We are human aren’t we?  You are Christian aren’t you?  What of forgiveness?

    Why to we have to tear ours down instead of standing by them and building them up? · 3 minutes ago

    It’s not forgiving or helpful to ignore these problems in our discourse. It is helpful, I hope, to have an open discussion about same.

  9. Mollie Hemingway
    C
    Barkha Herman

    RedRules: This is exactly why I can’ t fully commit to the Libertarian party. I think their stance on foreign policy shows an unwillingness to confront the world as it currently is: a place where really bad people do really bad things. America’s stance on liberty should not stop at our borders, and not every threat to our liberty comes from within.

    But then, Obama has another 4 years to try and make that happen. · 6 minutes ago

    So, are you looking for a cookie-cutter party that meets with your expectations 100%?

    Does the Republican party?

    Does the Democrat Party – for all the registered Democrats?

    Don’t get em wrong, I am a registered independent   However, I don’t support candidates based on 100% compatibility.  I find the most compatible, generally. · 3 minutes ago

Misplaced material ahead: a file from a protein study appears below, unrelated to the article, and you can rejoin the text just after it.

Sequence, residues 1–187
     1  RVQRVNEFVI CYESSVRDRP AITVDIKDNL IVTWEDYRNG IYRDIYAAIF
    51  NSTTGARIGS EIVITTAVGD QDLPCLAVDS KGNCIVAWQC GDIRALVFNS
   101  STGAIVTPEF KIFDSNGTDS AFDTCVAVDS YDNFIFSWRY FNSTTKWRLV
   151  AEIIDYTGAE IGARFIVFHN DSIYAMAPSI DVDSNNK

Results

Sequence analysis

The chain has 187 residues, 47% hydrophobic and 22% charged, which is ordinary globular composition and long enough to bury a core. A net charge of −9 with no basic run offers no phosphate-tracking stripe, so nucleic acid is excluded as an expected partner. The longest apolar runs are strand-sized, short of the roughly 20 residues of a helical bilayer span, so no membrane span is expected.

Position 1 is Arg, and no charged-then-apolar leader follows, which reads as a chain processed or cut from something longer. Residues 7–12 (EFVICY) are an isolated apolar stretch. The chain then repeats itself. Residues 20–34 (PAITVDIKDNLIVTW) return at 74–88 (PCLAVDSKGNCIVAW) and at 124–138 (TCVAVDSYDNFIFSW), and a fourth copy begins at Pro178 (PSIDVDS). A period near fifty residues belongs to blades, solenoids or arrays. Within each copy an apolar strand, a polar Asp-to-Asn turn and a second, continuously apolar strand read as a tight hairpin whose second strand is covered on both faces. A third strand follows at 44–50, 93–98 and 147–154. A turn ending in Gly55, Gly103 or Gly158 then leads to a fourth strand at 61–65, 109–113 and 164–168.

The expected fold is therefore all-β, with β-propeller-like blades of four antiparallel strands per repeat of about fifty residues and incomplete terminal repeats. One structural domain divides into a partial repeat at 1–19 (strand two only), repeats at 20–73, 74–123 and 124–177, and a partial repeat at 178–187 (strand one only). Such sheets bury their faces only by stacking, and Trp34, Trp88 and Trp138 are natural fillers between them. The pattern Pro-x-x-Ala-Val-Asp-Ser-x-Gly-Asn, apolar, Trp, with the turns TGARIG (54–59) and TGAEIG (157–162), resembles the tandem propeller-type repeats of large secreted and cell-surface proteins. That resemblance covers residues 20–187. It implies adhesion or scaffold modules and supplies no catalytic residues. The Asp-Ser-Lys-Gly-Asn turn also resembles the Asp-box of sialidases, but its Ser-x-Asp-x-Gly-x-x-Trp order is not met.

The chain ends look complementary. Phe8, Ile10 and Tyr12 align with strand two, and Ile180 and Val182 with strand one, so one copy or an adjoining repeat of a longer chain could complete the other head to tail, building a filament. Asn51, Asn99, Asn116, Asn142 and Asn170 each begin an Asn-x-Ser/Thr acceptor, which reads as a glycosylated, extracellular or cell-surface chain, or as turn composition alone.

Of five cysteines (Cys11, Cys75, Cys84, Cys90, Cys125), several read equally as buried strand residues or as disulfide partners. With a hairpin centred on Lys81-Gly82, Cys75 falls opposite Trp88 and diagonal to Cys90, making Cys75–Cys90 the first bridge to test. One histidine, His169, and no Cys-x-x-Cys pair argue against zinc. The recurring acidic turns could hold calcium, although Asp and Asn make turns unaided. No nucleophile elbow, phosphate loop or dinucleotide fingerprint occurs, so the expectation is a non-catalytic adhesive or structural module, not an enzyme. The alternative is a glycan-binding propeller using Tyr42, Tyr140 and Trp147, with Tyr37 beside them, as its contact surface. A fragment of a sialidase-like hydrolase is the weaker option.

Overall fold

This isn’t about party (and the capital L in the headline is just for style, not to mean the party). This is about the streams of thought in our current foreign policy discussion. I find them too extreme and limiting, regardless of their party of origin.

  10. Pilli

    In engineering and in computer programming, when a problem is identified, a “root cause” analysis is performed.  There is an attempt to find the single underlying cause of the problem so it can be fixed.  Programmers in particular have a difficult time with this. They are inclined to write more code that “patches” the problem and fixes the symptom without actually fixing the underlying problem.

    All this is to say that the countries Mollie mentioned she would rather the U.S. stay out of (be they Libya, Mali, Iraq or Syria) are not the “root cause” of the problem.  Two countries, Russia and China, are supporting or backing the trouble spots in the world and not just in the Middle East.  But the U.S. tries to “patch” the problem by directing efforts at the symptomatic countries.